Milne, Andrew J.
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From the seventeenth century to the present day, tonal harmonic music has had a number of invariant properties such as the use of specific chord progressions (cadences) to induce a sense of closure, the asymmetrical privileging of certain progressions, and the privileging of the major and minor scales.
The most widely accepted explanation has been that this is due to a process of enculturation: frequently occurring musical patterns are learned by listeners, some of whom become composers and replicate the same patterns, which go on to influence the next “generation” of composers, and so on. In this paper, however, I present a possible psychoacoustic explanation for some important regularities of tonal-harmonic music. The core of the model is two different measures of pitch-based distance between chords. The first is voice-leading distance; the second is spectral pitch distance—a measure of the distance between the partials in one chord compared to those in another chord.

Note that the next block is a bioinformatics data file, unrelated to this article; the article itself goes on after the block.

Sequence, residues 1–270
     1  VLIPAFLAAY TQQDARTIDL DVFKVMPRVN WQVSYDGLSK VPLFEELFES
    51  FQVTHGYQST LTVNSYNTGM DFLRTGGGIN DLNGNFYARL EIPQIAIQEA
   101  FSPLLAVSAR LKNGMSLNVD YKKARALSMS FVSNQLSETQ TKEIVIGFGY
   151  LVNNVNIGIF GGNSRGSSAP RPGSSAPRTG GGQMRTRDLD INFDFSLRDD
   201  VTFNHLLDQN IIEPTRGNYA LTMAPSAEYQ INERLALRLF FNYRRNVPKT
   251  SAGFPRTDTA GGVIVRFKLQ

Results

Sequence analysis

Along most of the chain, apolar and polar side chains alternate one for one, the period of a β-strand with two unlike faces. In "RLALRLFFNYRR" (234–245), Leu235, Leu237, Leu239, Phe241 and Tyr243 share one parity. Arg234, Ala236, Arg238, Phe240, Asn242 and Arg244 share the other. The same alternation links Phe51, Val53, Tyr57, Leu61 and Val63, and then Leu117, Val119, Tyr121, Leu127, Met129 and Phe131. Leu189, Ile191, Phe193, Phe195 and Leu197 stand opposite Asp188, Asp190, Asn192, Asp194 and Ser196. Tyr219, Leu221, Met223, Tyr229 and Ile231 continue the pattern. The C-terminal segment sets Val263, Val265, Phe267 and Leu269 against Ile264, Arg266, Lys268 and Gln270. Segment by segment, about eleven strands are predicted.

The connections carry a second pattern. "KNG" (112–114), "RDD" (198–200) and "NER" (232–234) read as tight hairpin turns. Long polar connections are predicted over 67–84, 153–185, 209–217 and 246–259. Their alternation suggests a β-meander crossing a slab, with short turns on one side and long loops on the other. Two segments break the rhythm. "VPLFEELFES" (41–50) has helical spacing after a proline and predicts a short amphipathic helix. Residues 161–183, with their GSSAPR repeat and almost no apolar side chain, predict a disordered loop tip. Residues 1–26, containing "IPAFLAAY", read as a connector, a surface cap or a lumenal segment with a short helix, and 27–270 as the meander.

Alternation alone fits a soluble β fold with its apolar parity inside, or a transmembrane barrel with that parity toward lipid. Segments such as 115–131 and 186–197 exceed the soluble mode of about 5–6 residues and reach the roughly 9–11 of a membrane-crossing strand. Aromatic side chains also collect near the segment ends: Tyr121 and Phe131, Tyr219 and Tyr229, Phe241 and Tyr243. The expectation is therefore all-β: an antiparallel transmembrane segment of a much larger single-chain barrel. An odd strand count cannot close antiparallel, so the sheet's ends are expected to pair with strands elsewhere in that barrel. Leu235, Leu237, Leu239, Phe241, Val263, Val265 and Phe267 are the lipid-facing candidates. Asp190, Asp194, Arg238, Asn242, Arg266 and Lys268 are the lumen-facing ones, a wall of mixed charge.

I propose that when a pair of triads has a higher spectral distance than another pair of triads that is voice-leading-close, the former pair is heard as an alteration of the latter pair, and seeks resolution. I explore the extent to which this model can predict the familiar tonal cadences described in music theory (including those containing tritone substitutions), and the asymmetries that are so characteristic of tonal harmony. I also show how it may be able to shed light upon the privileged status of the major and minor scales (over the modes).
|Item Type:||Conference Item|
|Copyright Holders:||2010 Andrew Milne|
|Academic Unit/Department:||Faculty of Science, Technology, Engineering and Mathematics (STEM)|
|Interdisciplinary Research Centre:||Centre for Research in Computing (CRC)|
|Depositing User:||Andrew Milne|
|Date Deposited:||13 Jul 2010 11:09|
|Last Modified:||03 Aug 2016 13:18|
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